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Doctors integrate iPads into practicing medicine

When one thinks of receiving medical attention, they don’t think of iPads. The saying “technology is the wave of the future” is true, though, and mobile technology is beginning to work into how doctors diagnose illnesses and talk to their patients.

 

To look at how mobile technology can be integrated into modern-day medicine, St. Mary’s Health Care System purchased iPads and loaned them to third-year medical clerkship students from the Georgia Health Sciences University/University of Georgia Medical Partnership (GHSU/UGA) campus and are collaborating with the University of Georgia’s College of Education on a yearlong study to see how iPads can be used in medical settings on a daily basis.

 

The research study began in July and will conclude on June 30, 2013. Over the last three months, the study included eight faculty physician preceptors at St. Mary’s and 36 third-year medical students from GHSU/UGA.

 

Michelle Nuss is the campus associate dean for graduate medical education at GHSU/UGA and is the principal investigator on a team created to study how faculty and students use the iPads.

The team presented its preliminary findings on Nov. 6 based of data collected since the study began. Initial research results showed that the majority of iPad users — both physicians and students — have embraced the use of iPads, and that patients have liked being able to see their own X-rays and lab results at their bedside.


Faculty reported using the iPads to teach while making rounds with medical students to see patients at St. Mary’s. Students reported using the iPads to gather data from EMR while on rounds, to make daily notes to prepare for the day, to study and for patient education, such as bringing up photos and diagrams on the iPad to show patients how an upcoming surgical procedure would be performed.

 

There are 10,000 medical apps available, a lot of them free, that medical staff can use to help them provide better health care to patients and to increase patients’ understanding about their health.

“You can talk to your patient and educate them,” Nuss said of patient education via the iPad. “The more the patient understands their disease, the more they’re going to be invested in getting better because they understand why it’s happening to them.”

 

Hospitals across the country have embraced iPads to help create a more efficient workflow for practitioners, and health care organizations now are beginning to integrate EMR with mobile devices so doctors can pull up e-scripts, lab and X-ray results at the patient’s bedside instead of collecting them from physical departments.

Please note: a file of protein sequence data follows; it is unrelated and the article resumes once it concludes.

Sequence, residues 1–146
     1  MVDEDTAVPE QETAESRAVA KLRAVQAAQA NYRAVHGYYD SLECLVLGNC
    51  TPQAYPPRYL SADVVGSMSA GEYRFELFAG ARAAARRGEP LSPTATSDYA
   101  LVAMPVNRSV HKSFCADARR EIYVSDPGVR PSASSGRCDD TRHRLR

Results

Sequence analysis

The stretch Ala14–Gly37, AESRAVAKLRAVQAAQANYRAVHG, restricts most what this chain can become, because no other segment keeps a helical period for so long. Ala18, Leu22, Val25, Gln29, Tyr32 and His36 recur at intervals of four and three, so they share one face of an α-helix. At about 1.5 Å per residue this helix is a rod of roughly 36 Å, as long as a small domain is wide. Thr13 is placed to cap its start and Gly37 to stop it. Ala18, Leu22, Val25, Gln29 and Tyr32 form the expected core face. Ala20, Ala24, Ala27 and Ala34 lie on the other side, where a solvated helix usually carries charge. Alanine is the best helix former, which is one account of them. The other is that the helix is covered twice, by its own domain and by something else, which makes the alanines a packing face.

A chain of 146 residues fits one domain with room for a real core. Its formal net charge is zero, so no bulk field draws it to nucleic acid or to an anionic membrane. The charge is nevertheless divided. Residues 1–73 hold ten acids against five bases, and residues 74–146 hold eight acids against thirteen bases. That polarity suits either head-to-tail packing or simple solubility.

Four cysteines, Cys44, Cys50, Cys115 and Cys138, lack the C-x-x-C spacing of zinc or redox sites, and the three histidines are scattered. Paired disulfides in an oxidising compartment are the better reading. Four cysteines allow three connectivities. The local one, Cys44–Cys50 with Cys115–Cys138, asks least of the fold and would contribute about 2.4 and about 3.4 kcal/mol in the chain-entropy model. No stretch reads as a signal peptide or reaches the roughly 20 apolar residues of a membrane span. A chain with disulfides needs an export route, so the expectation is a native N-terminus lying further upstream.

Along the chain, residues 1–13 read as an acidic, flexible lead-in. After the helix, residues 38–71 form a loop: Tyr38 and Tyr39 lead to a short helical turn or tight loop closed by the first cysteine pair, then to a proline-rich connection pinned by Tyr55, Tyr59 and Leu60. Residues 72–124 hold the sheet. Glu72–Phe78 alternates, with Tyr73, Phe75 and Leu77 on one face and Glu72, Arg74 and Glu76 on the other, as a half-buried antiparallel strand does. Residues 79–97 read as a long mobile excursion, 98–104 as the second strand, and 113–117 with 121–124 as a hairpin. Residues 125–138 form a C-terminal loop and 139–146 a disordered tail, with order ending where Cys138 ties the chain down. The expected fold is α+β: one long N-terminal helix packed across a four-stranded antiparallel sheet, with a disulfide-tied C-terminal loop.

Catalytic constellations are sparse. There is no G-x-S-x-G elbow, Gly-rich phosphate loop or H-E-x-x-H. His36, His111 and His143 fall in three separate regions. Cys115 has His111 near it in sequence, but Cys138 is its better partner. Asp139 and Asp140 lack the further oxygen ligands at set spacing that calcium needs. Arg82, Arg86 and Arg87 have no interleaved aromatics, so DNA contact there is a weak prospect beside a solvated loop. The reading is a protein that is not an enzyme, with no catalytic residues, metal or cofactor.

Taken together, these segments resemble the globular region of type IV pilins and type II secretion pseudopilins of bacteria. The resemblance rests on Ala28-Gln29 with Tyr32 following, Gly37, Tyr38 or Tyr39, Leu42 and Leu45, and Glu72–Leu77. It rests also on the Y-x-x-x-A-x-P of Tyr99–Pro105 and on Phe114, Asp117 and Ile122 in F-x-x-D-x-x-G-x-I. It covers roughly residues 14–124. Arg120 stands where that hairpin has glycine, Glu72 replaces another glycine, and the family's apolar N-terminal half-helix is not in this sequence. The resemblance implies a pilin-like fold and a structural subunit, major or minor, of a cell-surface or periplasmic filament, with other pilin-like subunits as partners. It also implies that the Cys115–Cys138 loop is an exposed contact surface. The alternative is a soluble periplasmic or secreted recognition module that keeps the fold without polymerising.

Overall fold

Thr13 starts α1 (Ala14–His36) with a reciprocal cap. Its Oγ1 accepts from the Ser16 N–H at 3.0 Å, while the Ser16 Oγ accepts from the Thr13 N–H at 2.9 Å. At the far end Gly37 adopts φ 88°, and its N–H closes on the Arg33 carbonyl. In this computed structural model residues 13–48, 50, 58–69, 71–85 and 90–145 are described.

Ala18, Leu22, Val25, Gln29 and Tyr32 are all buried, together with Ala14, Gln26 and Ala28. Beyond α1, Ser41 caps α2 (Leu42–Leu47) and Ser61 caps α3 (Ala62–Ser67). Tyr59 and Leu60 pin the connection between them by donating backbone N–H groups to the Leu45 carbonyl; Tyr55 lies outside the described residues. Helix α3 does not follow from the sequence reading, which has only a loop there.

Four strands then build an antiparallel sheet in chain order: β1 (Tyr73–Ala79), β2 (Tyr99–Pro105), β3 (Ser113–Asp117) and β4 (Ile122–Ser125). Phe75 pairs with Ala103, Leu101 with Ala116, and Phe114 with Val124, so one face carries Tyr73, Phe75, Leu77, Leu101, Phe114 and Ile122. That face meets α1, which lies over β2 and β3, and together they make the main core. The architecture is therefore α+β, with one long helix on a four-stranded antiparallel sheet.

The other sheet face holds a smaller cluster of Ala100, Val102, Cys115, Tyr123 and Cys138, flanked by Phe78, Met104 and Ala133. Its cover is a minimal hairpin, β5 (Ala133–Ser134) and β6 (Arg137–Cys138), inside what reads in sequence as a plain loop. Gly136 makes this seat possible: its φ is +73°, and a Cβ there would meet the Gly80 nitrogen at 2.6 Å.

The other major part of the study is how the technology of the iPad helps medical professionals deliver a higher quality of care. An example is someone comes to the hospital and doctors find something in his or her bloodstream during tests. To know the best way to treat it, a doctor can look up the latest treatment options available through a medical resource, the Centers for Disease Control and Prevention or another evidence-based site, and determine the proper approach to treat the patient while standing bedside.


Via PEAS Healthcare, Parag Vora
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The New Medical Assistant: Studies Assess iPads in Medicine

The New Medical Assistant: Studies Assess iPads in Medicine | Residency Development | Scoop.it

The results of both classroom and practice-based studies are proving the iPad to be a valuable resource in medicine.

 

St. Mary’s Health Care System purchased iPads and loaned them to third-year medical clerkship students from the Georgia Health Sciences University/University of Georgia Medical Partnership (GHSU/UGA) campus and are collaborating with the University of Georgia’s College of Education on a yearlong study to see how iPads can be used in medical settings on a daily basis.

 

The study, which began in July of 2012, is set to conclude in June of 2013. Thus far, the study included eight faculty physician preceptors at St. Mary’s and 36 third-year medical students from GHSU/UGA.

 

“You can talk to your patient and educate them,” said Michelle Nuss, the campus associate dean for graduate medical education at GHSU/UGA. “The more the patient understands their disease, the more they’re going to be invested in getting better because they understand why it’s happening to them.”

 

Patient engagement in healthcare has been a big concern as the costs continue to skyrocket. The belief that patients taking an active role in their healthcare was a major contributing factor to the overhaul of Medicare/Medicaid reimbursement policy in the Patient Protection and Affordable Care Act, and will be put to the test as hospitals are measured on quality of care and outcomes, and paid accordingly.

 

“Showing patients their chest X-rays in real time and their lab results on the iPad, and I think engaging the patient more in their health care and making them more educated about their own problems, has been a big component of the study,” Nuss said.

 

Patients with better health literacy have been shown to make better decisions, and cost less than patients with low health literacy, so understanding the impact of educating the patient will be an equally important result of this study.

The study is unique, in that it tests not only the impact of mobile technology on delivery of healthcare, but also the impact it has on educating medical students in the classroom.

 


Via nrip, Mariano Fernandez S., Alfredo Calderón